There will be operational and security issues if an X.509v3 Public Key Infrastructure (PKI) Certificate includes a subjectAltName extension that contains an iPAddress [RFC5280], and if the corresponding node then undergoes an IP address change without a concurrent update to the node's PKI Certificate. For these reasons, use of the dNSName rather than the iPAddress is recommended for the subjectAltName extension. Any other use of IP addresses in cryptographic material is likely to be similarly troublesome. If a site is, for some reason, listed by IP address in a white list (such as a spam white list), this will need to be updated. Conversely, a site that is listed in a black list can escape that list by renumbering itself. The use of IP addresses instead of FQDNs in configurations is sometimes driven by a perceived security need. Since the name resolution process has historically lacked authentication, administrators prefer to use raw IP addresses when the application is security sensitive (firewalls and VPN are two typical examples). It might be possible to solve this issue in the next few years with DNSsec (see Section 2.5), now that there is strong DNS Security deployment momentum. 6. Proposed Mechanisms 6.1. SHIM6 SHIM6, proposed as a host-based multihoming mechanism for IPv6, has the property of dynamically switching the addresses used for forwarding the actual packet stream while presenting a constant address as the upper-layer identifier for the transport layer [RFC5533]. At least in principle, this property could be used during renumbering to alleviate the problem described in Section 5.1.2. SHIM6 is an example of a class of solutions with this or a similar property; others are Host Identity Protocol (HIP), IKEv2 Mobility and Multihoming (MOBIKE), Mobile IPv6, SCTP, and proposals for multi-path TCP. 6.2. MANET Proposals The IETF working groups dealing with mobile ad hoc networks have been working on a number of mechanisms for mobile routers to discover available border routers dynamically, and for those mobile routers to be able to communicate that information to hosts connected to those mobile routers.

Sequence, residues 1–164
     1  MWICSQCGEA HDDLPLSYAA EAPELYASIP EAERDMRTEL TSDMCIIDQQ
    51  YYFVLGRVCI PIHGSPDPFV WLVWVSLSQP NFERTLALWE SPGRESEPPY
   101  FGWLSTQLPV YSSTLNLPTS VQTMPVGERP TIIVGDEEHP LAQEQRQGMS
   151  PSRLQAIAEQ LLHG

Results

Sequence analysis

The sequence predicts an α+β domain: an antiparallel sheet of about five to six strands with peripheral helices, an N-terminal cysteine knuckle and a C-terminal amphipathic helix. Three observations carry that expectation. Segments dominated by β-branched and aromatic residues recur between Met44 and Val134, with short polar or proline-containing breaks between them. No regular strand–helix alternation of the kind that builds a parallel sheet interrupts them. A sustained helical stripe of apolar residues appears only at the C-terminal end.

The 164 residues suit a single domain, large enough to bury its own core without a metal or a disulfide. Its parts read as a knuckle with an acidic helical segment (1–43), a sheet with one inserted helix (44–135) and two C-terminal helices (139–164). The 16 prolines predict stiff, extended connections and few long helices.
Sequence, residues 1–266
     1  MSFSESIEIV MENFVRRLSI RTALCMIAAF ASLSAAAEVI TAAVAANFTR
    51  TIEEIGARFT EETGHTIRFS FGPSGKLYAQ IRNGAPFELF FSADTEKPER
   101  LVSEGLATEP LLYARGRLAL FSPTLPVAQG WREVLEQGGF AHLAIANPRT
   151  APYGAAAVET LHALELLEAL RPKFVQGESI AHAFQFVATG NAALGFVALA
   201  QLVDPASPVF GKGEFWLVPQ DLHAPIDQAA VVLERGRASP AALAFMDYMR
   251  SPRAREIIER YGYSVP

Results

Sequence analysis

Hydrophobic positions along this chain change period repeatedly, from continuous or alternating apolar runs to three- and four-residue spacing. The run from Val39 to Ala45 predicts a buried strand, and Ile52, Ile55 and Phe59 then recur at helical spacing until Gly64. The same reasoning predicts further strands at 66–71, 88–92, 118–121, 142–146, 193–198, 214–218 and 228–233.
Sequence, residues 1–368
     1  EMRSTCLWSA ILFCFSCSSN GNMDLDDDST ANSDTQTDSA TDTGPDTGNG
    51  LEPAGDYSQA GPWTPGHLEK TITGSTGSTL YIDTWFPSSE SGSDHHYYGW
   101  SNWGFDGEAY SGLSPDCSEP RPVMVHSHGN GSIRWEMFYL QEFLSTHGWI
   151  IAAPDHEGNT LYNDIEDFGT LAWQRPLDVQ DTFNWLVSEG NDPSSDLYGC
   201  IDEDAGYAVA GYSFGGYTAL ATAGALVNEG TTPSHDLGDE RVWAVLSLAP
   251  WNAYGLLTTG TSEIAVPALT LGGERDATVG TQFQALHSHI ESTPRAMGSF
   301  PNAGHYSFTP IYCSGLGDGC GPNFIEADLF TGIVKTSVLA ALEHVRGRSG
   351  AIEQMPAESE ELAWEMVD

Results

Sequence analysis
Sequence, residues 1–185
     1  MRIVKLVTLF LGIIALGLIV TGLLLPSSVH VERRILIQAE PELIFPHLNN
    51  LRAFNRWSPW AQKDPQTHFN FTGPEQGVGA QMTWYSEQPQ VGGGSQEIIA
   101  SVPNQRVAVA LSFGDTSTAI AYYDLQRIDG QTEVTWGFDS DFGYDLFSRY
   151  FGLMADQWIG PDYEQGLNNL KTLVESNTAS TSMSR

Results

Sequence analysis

Recently, some MANET work has appeared on a "Border Router Discovery Protocol (BRDP)" that might be useful work towards a more dynamic mechanism for site interior router renumbering [BRDP]. At present, the IETF AUTOCONF WG (http://www.ietf.org/html.charters/autoconf-charter.html) is working on address autoconfiguration mechanisms for MANET networks that also seem useful for ordinary non-mobile non-MANET networks [AUTOC]. This work is extensively surveyed in [AUTOC2] and [AUTOC3]. Other work in the same area, e.g., [RFC5558], might also be relevant. MANETs are, of course, unusual in that they must be able to reconfigure themselves at all times and without notice. Hence, the type of hidden static configurations discussed above in Section 5.3.4 are simply intolerable in MANETs. Thus, it is possible that when a consensus is reached on autoconfiguration for MANETs, the selected solution(s) might not be suitable for the more general renumbering problem. However, it is certainly worthwhile to explore applying techniques that work for MANETs to conventional networks also. 6.3. Other IETF Work A DHCPv6 extension has been proposed that could convey alternative routes, in addition to the default router address, to IPv6 hosts [DHRTOPT]. Other DHCP options are also on the table that may offer information about address prefixes and routing to DHCP or DHCPv6 clients, such as [DHSUBNET] and [DHMIFRT]. It is conceivable that these might be extended as a way of informing hosts dynamically of prefix changes. In the area of management tools, Network Configuration (NETCONF) Protocol [RFC4741] is suitable for the configuration of any network element or server, so could in principle be used to support secure remote address renumbering. The DNSOP WG has considered a Name Server Control Protocol (NSCP) based on NETCONF that provides means for consistent DNS management including potential host renumbering events [DNSCONT]. 6.4. Other Proposals A proposal has been made to include an address lifetime as an embedded field in IPv6 addresses, with the idea that all prefixes would automatically expire after a certain period and become unrouteable [CROCKER]. While this might be viewed as provocative, it would force the issue by making renumbering compulsory.